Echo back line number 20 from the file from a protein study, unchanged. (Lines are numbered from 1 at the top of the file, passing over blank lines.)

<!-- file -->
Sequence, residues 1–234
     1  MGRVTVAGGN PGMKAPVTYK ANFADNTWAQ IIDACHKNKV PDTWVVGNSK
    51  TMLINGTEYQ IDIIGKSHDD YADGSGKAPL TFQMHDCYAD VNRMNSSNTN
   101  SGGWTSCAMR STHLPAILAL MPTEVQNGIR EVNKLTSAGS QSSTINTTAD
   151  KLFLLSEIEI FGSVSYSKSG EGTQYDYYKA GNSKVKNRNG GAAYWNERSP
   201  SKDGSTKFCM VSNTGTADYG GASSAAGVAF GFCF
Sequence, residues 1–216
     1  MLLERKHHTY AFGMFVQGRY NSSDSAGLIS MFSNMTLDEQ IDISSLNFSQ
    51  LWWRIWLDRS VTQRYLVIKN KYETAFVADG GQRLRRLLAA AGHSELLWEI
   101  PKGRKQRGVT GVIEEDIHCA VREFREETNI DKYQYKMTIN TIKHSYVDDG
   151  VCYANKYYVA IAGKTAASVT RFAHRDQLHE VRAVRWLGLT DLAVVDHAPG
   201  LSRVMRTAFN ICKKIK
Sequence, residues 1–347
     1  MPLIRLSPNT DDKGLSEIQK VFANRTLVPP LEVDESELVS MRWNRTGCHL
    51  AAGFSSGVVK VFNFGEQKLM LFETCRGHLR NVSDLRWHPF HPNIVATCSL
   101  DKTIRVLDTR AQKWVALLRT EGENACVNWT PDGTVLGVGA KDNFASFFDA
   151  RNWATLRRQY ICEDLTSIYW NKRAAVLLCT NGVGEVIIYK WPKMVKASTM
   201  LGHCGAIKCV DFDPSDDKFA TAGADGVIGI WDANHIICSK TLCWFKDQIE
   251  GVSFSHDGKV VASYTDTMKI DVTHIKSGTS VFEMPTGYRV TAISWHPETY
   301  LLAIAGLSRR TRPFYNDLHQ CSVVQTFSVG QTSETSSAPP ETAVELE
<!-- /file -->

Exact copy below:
   301  LLAIAGLSRR TRPFYNDLHQ CSVVQTFSVG QTSETSSAPP ETAVELE